I would prefer something more along the lines of, “that which I have committed myself to, body, mind, and soul.” I have committed myself to the way of Jesus because I am convinced/persuaded that this is the best way to live and act in the world, and that the hope Jesus offers beyond this world represents the fulfillment of the deepest longings that I have. But I am not certain that my faith in Christ is strong enough, big enough, deep enough or reliable enough for anything. I know people whose faith is far more admirable than my own. They understand and articulate their beliefs more clearly, their behaviour is more closely aligned with their professed convictions, their faith seems to affect them in the deepest parts of who they are, making them hope-filled, joyful, resilient people. If I stack my faith (again, in the biggest sense of the word) up against theirs, it falls far short, in my estimation.

        Which leads to a final question about your question itself. What does the “enough” refer to? Enough faith for what? Salvation? Sanity? Pleasing God? Avoiding hell? Living a good life? The word “enough” implies evaluation of some kind behind it. I’m just curious what you had in mind.

        At the end of the day, my hope is based far less on the quality of my own faith in Christ than it is upon the faith and the faithfulness of Christ. As I’ve said many times on this blog, as Christians our hope is always finally that God has done for us what we could never do for ourselves. In my view, whatever faith I am able to muster up this side of eternity is only ever a participation in this faithfulness, a response of love to God’s activity, never a way of earning my way to him.

        February 24, 2015
  13. wendon74 #

    Reblogged this on Progressive Rubber Boots.

    February 21, 2015
  14. Lily #

    Re: “The longer answer, of course, turns even more on the terms we use and what we mean by them…I would prefer something more along the lines of, ‘that which I have committed myself to, body, mind, and soul.’”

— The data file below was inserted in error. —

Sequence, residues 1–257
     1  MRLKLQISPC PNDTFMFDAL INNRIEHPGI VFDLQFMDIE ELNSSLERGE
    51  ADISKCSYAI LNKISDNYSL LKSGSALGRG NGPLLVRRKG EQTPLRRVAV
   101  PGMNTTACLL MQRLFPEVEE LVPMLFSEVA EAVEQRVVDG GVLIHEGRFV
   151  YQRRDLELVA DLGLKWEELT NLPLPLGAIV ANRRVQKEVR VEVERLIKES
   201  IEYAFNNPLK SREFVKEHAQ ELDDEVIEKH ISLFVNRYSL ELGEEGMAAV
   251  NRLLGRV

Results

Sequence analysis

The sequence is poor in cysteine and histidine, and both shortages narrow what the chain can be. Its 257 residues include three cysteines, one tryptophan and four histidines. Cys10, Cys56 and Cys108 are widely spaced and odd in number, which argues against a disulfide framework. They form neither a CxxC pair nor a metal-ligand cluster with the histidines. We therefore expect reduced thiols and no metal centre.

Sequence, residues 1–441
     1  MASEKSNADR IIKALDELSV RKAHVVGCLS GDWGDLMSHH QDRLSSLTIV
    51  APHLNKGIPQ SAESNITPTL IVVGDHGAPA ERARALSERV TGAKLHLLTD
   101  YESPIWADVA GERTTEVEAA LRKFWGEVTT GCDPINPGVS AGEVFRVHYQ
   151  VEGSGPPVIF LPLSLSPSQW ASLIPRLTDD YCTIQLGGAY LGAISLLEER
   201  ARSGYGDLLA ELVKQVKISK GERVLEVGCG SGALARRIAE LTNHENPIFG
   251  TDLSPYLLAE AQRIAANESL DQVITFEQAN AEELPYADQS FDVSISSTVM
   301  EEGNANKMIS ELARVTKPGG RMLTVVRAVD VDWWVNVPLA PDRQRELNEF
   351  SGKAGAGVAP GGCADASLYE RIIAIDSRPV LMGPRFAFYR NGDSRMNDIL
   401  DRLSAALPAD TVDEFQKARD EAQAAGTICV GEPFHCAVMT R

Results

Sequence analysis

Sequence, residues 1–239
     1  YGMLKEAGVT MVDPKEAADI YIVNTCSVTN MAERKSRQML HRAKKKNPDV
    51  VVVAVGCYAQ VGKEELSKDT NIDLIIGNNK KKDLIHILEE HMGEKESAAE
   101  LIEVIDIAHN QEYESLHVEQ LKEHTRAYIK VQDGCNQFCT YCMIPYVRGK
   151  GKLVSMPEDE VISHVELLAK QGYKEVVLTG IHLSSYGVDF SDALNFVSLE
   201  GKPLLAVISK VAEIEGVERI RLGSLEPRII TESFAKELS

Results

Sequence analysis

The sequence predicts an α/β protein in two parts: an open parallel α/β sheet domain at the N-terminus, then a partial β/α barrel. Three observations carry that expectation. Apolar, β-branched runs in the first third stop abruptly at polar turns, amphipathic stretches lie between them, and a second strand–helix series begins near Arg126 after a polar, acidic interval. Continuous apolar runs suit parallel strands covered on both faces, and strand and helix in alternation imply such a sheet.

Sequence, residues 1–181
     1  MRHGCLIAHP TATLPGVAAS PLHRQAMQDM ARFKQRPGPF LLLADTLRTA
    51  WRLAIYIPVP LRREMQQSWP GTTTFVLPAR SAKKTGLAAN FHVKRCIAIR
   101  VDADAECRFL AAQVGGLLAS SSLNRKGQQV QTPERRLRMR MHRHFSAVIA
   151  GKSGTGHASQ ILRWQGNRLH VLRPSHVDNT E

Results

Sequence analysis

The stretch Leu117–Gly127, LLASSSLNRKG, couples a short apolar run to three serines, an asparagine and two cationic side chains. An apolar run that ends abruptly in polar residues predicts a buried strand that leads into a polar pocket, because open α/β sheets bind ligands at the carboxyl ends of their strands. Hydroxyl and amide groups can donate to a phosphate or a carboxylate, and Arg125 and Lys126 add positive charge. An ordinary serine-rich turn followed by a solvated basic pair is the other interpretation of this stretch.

Correct me if I’m wrong, but it seems to me that you think that having this understanding of faith makes it easier to actually have faith or know if you are having faith. One point I am, or was, trying to make is that I don’t think it does, because this understanding of faith is still just an idea, a concept. Saying, “faith means committed my living to X” does not automatically mean that one has committed their living to X, any more than saying “faith means cognitively accepting X which I can’t prove” means that I have cognitively accepted X.

    Re: “In my view, whatever faith I am able to muster up this side of eternity is only ever a participation in this faithfulness, a response of love to God’s activity, never a way of earning my way to him.”

    Well, I guess there’s the problem right there. I don’t know about you, but I don’t think my response to “God’s activity” is always ‘loving’. Leaving aside the fact that I’m not sure any sane person could or should do otherwise, a lot of the time examining everything in existence – all of which owes its existence to God, I suppose – leads to, *ahem* – some rather ugly or at least unorthodox responses…ummmm, I wonder if “WTF if going on, God?!” is sometimes alright? (Sorry…maybe I should take that out, but I think it’s important.) What about when the only way to respond in any way that seems to affirm God’s existence (or whatever else about God) is to, well, shout?
    And I don’t even really mean that I think God should just make everything all better. I’m simply pointing out that I find it hard to believe that any loving God, or any God that we reflect, would expect or require that we have faith in him that always maintains some semblance of, I dunno, pious trust or thankfulness, even if there is anger. But this is what seems to be implied, directly or indirectly, in many Christian’s statements about faith.
    I’m not angry at God. At least not in particular (oh…that makes it sound like I’m always angry, which isn’t true either). But sometimes I think that to ever be angry at anything has no point if this God does not exist, and it seems somehow silly or misguided or wrong for “what people say faith should look like” to not allow for that.

    You ask: What does the “enough” refer to? Enough faith for what? Salvation? Sanity? Pleasing God? Avoiding hell? Living a good life? The word “enough” implies evaluation of some kind behind it.”

    I don’t know. I didn’t really have anything specifically in mind when I wrote it. Probably a combination of most of the above.

    But maybe I can put it another way. You said in the original post, “Our paths will be smooth and straight for we will no longer be able to get in the way of the One we have always been stretching and stumbling crookedly towards.” I guess I would say, “enough” faith to that we think we are moving in that direction.

    “Avoiding hell…” I’m not fundamentalist (well, if I’m anything,) and neither is my church, by any means, so I guess “avoiding hell” has never really been the top of my list of reasons
    to have “enough” faith. But I ask you: why do you (and other people) think that God isn’t going to send us all to hell? We can be pretty awful.

    LIly

    February 24, 2015
    • Correct me if I’m wrong, but it seems to me that you think that having this understanding of faith makes it easier to actually have faith or know if you are having faith. One point I am, or was, trying to make is that I don’t think it does, because this understanding of faith is still just an idea, a concept.